Diamonds have adorned the ornaments of the wealthy and powerful for thousands of years, with legendary diamonds coming and going through history to be found, lost, found again, recut, and renamed. While diamonds are rare and precious stones, and the fancy colored diamonds rarer still, the rarest stones are the red diamonds. How rare? The largest known red diamond is an eye catching 5.11 carats. But most extant reds are under a carat— and even then you can expect to pay around $450,000 per carat for a Fancy Red with an SI1 clarity. These stones are generally beyond the reach of the average celebrity or diamondista, and reside almost exclusively in the collections of those seeking alternative investments, aficionados or collectors, and the very top end of jewelers worldwide.
The DeYoung Red: Depending on who you believe, this 5.03 carat round Reddish Brown stone was either languishing as the ornament on a hat pin at a flea market, or as part of a collection of estate jewelry acquired by S. Sydney De Young, a Boston jeweler. Initially misidentified as a garnet, it currently resides in the collection of the Smithsonian's National Museum of Natural History.
The Edcora Red: The pear cut 5.71 carat Fancy Red Brown stone has disappeared from public view into the hands of a secretive private investor or investment group in Hong Kong. There are no known photos of this stone, making it a “lost stone” even though it has been well documented to exist.
The Hancock Red: At the time of its last sale, the Brazilian-origin, .95 carat round cut Purplish Red diamond sold for the equivalent of $926,000 per carat, beating its presale estimate times eight. For a stone purchased in 1956 for $13,500 this was an astounding feat and is credited with sparking interest in fancy colored diamonds that are so sought after today.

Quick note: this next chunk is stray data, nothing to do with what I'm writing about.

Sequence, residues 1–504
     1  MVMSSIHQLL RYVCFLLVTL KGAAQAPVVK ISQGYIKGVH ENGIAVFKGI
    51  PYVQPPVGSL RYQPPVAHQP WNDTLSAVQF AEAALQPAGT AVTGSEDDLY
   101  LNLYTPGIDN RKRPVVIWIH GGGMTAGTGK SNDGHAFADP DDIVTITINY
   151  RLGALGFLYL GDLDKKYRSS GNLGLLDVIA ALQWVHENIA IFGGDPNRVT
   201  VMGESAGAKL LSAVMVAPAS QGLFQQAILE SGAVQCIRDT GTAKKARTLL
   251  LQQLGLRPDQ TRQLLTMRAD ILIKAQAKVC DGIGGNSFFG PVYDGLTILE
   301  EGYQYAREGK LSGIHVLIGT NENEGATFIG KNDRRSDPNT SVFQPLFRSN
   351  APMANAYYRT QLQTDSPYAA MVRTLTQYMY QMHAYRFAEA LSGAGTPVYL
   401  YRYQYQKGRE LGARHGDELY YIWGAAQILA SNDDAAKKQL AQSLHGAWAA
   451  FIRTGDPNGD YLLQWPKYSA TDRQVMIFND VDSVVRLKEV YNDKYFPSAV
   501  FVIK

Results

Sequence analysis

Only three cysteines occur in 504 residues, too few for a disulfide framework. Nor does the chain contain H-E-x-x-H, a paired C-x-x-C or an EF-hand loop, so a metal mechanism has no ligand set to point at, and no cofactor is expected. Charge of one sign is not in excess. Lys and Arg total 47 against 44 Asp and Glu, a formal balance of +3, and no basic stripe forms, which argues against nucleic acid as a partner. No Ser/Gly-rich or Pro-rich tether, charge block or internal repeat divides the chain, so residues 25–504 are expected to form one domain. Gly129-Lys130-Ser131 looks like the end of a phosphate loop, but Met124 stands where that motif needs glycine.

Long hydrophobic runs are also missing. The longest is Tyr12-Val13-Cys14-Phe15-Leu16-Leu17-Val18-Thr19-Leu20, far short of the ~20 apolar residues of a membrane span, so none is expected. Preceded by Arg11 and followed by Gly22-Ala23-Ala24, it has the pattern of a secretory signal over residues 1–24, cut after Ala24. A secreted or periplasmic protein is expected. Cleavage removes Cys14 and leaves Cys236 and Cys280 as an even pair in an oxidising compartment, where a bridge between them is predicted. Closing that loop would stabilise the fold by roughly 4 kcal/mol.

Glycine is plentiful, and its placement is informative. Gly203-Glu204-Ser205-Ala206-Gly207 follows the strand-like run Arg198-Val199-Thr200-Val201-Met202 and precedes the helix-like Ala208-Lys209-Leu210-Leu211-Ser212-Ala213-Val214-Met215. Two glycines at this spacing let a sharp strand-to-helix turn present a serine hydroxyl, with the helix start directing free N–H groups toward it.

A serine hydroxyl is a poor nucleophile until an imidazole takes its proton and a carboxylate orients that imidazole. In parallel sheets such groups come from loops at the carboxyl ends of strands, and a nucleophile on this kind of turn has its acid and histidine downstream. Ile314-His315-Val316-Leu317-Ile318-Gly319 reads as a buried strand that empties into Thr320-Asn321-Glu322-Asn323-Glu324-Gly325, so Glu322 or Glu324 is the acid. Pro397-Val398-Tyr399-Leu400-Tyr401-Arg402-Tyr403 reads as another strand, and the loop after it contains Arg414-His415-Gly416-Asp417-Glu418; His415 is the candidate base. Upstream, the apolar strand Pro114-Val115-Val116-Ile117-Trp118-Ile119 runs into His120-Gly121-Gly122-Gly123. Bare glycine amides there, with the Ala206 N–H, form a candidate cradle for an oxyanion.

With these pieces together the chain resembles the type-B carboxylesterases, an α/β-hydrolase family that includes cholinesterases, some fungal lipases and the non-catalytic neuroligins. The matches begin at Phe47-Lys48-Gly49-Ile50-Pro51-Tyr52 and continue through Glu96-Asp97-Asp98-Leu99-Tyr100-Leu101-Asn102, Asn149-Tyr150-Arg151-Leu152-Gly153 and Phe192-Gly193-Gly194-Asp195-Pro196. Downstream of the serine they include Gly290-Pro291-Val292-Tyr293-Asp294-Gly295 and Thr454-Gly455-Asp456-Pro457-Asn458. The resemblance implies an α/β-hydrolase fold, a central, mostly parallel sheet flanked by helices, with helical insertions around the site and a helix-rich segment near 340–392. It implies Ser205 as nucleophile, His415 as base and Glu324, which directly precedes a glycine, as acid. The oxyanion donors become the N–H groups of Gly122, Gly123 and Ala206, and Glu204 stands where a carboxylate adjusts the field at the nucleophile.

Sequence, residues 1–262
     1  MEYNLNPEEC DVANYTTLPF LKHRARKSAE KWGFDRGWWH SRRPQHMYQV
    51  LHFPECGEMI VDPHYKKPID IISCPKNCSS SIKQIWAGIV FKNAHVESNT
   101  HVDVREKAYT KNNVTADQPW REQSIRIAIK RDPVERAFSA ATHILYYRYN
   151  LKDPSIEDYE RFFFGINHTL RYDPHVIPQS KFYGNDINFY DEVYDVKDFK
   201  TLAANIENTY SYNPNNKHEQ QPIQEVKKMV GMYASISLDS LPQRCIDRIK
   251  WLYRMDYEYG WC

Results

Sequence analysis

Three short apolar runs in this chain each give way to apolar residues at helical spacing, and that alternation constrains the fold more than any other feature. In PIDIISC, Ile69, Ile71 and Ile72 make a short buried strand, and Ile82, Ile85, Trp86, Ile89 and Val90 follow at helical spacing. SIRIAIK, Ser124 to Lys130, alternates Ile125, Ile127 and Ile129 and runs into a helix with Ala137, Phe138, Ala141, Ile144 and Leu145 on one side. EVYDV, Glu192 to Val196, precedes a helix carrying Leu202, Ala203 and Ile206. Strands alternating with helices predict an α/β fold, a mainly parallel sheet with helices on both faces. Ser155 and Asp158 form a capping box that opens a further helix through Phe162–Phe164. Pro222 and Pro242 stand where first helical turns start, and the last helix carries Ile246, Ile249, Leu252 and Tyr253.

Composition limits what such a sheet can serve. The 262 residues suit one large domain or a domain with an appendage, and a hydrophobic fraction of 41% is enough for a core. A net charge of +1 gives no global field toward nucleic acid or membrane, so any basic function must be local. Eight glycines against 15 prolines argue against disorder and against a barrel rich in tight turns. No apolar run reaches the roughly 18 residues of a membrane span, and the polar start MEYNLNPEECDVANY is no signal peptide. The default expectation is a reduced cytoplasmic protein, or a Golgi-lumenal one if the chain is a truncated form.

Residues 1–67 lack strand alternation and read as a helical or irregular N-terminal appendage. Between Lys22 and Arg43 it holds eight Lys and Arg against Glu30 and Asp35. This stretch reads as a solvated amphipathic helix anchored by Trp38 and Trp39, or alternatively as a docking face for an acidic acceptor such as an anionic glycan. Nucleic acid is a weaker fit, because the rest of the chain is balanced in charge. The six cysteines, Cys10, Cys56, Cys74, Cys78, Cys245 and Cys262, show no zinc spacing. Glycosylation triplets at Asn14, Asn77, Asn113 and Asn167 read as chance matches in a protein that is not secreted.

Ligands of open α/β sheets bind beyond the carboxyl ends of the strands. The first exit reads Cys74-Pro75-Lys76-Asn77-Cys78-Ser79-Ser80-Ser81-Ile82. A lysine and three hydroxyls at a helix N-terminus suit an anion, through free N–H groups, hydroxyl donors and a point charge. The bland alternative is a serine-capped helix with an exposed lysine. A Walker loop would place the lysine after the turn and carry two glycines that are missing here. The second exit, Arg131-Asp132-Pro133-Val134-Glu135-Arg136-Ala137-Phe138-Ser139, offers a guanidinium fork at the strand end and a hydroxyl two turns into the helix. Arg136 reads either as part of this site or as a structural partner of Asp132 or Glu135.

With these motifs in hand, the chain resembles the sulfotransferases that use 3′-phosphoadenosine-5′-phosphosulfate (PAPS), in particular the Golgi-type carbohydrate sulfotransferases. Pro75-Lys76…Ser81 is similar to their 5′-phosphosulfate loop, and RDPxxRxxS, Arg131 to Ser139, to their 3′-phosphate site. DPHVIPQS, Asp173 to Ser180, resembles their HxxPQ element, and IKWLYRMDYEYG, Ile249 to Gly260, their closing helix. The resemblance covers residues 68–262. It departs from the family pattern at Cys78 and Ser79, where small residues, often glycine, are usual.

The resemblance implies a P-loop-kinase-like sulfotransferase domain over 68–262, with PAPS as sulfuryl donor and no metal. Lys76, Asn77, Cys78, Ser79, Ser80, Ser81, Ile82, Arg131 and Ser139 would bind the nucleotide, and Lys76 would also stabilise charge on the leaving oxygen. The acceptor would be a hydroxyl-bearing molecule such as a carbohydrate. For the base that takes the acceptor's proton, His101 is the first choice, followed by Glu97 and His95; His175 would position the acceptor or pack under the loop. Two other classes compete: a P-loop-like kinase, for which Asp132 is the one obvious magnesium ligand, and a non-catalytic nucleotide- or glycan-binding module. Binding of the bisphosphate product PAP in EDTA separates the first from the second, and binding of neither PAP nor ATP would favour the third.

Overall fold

The Kazanjian Red: Unearthed in South Africa nearly 100 years ago, the stone has a history. Weighing at 5.05 carats from the 35 carat rough stone, the diamond was cut in the Netherlands, seized by the Nazis in World War 2 and sent to Germany where it was found hidden in a salt mine. After the war, it was sold twice, and was sold for a third time in 2007 to the Kazanjian Bros. Inc. It was on display at the American Museum of Natural History until January 15 in the Morgan Memorial Hall of Gems.
If you’re looking to invest in red diamonds, or other fancy colored diamonds, you’re not alone. These stones are preferred by those seeking alternative investments who have come to regard with roller-coaster world of “traditional” investments with a jaded eye. After all, diamonds are portable, tangible wealth, and one doesn’t have to worry about them cooking the books, running afoul of regulatory authorities, or other scams and scandals that periodically rock the world of traditional investments. Investors from Asia, Europe, and America snap them up at auction with a zeal previously reserved for major works of art.
Red diamonds have a unique history; for more in-depth coverage on these stones, make sure you check out our tribute to red diamonds.
For more reading on alternative investments, click the links below:
- Investing in Natural Pink Diamonds: What You Need to Know
- Need To Know: How To Invest In Colored Diamonds
- Do You Have This Alternative Investment Asset In Your Portfolio?
- Alternative Investments: Investing Outside the Box